“When my mother and my grandmother would be parting at the end of the day, they always kissed. And they kissed on the lips, so that was very outstanding to me- something significant. I remember once, my mother was yelling my name...I was somewhere else, down the hall and they were about to say goodbye with a kiss and she knew I liked to photograph that, so she was calling me!”
- Arlene Gottfried

Mommie Kissing Bubbie, from the book Sometimes Overwhelming.

Mommie Kissing Bubbie, from the book Sometimes Overwhelming.

The way in which Arlene Gottfried has captured so many beautiful strangers on the streets, shows how bright and curious her eyes, and how open and warm her heart must have been.
But those pictures are for another day.

Today is for the intensely intimate photographs she made of the strongest and most important women in her life; her grandmother, mother and sister. “Mommie” is a portrait of these three generations of inseparable women, taken over the stunning course of 35 years and through the eyes of a daughter that loves them unconditionally. The pictures are so honest, pure and tender, that we can almost feel the strength of their bond.
Although life isn’t gentle to these ladies, they sure are gentle and loving to each other.

In Arlene’s own words about the series, “Part of it was trying to stop time...which of course, I couldn’t do.
With “Mommie” she does however show us beauty in the ordinary, offers comfort through the pain and vulnerability of illness and ageing, and leaves us with hope for the future.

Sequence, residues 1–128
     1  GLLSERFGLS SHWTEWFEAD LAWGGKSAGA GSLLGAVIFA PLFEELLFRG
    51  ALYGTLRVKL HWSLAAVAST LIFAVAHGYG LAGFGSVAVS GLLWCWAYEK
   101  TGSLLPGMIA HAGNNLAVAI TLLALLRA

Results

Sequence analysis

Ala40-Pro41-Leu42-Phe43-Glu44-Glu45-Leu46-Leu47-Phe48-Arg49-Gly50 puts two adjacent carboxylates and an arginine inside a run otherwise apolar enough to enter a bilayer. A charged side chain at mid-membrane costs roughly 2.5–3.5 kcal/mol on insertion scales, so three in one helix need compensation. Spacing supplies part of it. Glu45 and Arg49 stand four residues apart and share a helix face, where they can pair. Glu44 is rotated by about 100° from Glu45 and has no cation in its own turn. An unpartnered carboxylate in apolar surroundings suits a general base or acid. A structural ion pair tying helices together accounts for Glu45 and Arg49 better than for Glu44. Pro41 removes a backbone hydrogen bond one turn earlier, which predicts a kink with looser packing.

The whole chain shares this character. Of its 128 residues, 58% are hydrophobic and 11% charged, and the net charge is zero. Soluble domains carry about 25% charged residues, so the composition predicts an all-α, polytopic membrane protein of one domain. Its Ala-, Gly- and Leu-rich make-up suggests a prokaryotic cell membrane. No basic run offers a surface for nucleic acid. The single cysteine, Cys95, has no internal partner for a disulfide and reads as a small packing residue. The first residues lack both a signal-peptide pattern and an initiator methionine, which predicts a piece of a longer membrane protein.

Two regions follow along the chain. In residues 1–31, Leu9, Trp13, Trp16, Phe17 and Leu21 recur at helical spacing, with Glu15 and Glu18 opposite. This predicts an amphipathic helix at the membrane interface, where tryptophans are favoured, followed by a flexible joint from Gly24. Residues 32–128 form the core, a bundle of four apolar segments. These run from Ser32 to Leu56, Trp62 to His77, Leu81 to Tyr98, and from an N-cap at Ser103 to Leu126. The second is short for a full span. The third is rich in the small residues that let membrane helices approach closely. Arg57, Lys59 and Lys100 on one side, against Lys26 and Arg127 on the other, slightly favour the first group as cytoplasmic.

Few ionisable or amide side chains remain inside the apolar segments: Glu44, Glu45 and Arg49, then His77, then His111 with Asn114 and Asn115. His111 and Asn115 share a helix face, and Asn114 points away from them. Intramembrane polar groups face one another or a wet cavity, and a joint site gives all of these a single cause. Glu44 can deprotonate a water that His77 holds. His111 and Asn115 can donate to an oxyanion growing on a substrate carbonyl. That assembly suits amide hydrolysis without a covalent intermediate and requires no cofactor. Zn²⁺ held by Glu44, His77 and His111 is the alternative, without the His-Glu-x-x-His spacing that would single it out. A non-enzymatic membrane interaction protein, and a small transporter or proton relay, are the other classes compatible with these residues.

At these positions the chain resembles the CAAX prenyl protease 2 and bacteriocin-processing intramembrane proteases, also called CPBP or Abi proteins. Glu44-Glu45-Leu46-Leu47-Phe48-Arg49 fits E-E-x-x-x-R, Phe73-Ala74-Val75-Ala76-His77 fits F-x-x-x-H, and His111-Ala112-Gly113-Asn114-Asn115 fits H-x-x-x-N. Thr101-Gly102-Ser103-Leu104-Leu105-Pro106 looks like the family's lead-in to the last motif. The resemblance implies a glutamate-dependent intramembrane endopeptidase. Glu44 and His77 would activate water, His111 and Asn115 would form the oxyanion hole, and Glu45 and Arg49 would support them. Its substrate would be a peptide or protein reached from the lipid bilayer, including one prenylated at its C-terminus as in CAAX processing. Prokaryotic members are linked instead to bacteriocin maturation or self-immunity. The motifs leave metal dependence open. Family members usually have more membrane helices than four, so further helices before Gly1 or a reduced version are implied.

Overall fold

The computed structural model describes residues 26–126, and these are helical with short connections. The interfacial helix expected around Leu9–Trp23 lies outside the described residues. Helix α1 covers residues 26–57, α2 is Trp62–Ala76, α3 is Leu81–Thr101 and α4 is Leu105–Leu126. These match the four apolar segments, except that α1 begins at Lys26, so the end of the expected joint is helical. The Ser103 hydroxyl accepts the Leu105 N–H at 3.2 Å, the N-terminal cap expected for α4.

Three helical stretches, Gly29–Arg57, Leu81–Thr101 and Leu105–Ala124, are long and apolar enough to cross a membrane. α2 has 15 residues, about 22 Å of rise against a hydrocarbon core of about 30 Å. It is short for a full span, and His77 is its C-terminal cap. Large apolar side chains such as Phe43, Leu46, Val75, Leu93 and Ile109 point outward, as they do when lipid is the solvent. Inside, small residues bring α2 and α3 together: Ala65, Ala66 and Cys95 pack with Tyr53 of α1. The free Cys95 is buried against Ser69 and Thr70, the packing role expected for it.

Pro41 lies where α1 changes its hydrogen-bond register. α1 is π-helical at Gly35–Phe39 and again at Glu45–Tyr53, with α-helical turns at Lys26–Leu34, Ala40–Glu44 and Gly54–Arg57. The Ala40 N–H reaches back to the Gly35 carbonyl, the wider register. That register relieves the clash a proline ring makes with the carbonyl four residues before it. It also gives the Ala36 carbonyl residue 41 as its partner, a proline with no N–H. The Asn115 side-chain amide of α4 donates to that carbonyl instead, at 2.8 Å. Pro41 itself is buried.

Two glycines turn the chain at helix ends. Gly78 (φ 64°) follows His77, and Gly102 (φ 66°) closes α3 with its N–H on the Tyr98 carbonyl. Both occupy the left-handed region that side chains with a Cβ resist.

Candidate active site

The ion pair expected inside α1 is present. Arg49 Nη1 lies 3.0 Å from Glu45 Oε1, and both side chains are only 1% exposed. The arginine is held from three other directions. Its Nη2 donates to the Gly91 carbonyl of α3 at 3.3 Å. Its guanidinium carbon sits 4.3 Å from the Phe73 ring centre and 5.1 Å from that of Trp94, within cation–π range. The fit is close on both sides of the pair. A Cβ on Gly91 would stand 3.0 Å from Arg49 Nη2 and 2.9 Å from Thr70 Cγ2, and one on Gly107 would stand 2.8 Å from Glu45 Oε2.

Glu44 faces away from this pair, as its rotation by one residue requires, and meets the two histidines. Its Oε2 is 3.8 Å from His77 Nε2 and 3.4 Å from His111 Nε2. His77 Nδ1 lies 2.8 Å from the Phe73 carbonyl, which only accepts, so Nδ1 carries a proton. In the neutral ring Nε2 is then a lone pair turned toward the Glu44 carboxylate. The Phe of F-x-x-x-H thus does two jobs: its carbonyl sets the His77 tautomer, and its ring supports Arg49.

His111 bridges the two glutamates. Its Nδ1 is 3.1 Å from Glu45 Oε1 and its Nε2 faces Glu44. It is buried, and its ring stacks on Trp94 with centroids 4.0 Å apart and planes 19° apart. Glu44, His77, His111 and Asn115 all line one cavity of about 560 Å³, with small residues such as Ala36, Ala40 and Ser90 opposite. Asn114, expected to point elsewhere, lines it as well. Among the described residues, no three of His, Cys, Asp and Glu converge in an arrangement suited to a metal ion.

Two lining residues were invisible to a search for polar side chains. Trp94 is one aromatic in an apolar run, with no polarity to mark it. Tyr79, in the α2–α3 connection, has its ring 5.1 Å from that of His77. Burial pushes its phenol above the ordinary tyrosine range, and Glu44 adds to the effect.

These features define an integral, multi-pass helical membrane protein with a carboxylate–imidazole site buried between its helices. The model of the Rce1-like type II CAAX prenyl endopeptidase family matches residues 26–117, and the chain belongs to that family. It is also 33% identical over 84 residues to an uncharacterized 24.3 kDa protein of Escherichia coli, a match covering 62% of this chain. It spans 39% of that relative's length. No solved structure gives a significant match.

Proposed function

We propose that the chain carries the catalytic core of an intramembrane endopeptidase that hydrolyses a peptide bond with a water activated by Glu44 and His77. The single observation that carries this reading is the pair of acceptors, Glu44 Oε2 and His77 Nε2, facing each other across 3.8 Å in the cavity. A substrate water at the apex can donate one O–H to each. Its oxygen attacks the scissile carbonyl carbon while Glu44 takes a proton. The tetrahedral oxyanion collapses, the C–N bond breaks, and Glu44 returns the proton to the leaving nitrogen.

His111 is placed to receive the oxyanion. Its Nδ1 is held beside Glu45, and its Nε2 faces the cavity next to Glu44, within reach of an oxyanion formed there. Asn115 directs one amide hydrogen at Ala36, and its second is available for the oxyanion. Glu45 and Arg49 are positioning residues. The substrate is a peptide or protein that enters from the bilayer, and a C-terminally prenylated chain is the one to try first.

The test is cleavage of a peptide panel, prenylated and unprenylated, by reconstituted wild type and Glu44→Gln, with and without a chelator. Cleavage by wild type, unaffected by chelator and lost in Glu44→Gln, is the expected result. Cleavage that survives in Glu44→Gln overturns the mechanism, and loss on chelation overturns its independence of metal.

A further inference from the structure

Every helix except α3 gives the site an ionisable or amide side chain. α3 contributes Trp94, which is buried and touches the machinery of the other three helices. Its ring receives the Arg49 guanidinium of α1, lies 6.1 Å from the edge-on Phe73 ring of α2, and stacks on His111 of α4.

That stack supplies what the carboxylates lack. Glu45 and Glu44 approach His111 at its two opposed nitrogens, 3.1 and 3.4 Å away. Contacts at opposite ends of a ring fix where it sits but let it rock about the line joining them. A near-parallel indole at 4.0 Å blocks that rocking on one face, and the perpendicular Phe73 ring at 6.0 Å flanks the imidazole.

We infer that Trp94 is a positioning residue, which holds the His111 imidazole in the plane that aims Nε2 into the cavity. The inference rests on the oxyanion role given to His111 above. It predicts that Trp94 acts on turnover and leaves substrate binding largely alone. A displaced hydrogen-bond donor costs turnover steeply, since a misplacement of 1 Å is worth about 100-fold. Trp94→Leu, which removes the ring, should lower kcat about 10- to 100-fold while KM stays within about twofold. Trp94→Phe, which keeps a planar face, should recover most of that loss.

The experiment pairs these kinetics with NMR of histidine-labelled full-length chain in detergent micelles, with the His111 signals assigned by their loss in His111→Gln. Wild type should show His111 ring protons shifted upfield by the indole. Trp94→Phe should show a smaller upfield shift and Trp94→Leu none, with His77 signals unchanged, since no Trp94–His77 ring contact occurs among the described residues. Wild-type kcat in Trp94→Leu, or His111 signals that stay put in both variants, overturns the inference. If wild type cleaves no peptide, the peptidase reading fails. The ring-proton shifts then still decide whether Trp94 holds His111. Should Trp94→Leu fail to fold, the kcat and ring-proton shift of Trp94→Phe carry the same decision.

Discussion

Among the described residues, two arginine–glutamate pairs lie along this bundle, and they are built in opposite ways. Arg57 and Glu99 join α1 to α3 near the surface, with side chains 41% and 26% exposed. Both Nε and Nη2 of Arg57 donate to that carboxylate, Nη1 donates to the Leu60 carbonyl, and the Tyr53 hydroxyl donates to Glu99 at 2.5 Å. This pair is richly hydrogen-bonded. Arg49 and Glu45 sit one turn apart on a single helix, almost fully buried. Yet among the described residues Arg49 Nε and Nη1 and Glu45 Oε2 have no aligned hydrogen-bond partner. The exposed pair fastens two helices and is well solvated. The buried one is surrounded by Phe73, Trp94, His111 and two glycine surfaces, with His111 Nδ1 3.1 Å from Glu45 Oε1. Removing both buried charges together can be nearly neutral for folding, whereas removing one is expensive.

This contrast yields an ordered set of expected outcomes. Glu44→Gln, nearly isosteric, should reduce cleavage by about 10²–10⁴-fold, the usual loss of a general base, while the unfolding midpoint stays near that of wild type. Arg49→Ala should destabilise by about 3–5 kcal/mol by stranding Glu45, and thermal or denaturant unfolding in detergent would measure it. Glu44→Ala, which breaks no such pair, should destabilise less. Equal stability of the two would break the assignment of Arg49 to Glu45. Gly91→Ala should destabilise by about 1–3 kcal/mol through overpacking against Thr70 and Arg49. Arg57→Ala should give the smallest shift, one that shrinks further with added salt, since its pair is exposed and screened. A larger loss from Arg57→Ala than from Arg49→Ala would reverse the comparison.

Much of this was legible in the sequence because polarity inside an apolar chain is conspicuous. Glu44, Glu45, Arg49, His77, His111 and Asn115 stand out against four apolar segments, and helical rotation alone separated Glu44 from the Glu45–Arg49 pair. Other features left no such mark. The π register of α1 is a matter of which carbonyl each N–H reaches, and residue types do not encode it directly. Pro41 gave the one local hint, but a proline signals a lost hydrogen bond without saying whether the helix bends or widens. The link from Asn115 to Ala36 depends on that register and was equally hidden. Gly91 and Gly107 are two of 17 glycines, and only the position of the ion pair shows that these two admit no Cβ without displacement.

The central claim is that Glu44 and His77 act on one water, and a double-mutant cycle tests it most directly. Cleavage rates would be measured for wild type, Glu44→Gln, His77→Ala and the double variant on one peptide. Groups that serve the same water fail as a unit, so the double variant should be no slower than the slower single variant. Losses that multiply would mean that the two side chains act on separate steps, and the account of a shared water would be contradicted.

On this loving journey through time, we meet Arlene’s breathtaking grandmother- Minnie "Bubbie" Zimmerman, who was born in Odessa in 1897, came to the US all by herself at 14 years of age and lived to be 104 years old. She looks so lively, sweet and cheeky and it moves me to slowly notice her posture change, the frailty of her naked knees and her thinning arms.
Mommie Lilian has such a beautiful and strong sparkle in her younger eyes, but also has a fragile health and as she gets older, her suffering from diabetes deepens. The photographs show the ever increasing pain in her face, as well as the compassion and care in the expressions of those that surround her.
And sister Karen, is so obviously adored by young Arlene that it’s simply heartwarming. Over and again she catches her when looking her best, happiest and prettiest. As time passes, Karen even seems less reluctant to be photographed, while she now grows older and becomes a loving caregiver.
We follow the women through their lives together and ultimately through their separation by illness and death.
Bubbie and Mommie pass away close in time, leaving an empty house behind.
…We pause.
Then, although Karen doesn’t seem to be quite that young anymore, she gives birth to little baby Graham.
And while her eyes still show traces of grief, new life will gently ease the pain of loss.
A new generation has begun.

What touches me, is that the technical perfection of the photo’s always takes the backseat and intimacy comes first.
Because the pictures might not be technically perfect, but life isn't either.
Sometimes life shakes, blurs of blind us and we just don’t always remain well composed or have enough time to quickly adjust our focus.
Perhaps “Mommie” shows us, that in a way the best we can do, is to keep looking with a curious eye and a tender heart and to lovingly bear witness to one another.
We can’t stop time, but we can walk each other home.
And we can always, always leave with a kiss.


* all photographs copyright ©Arlene Gottfried, click to enlarge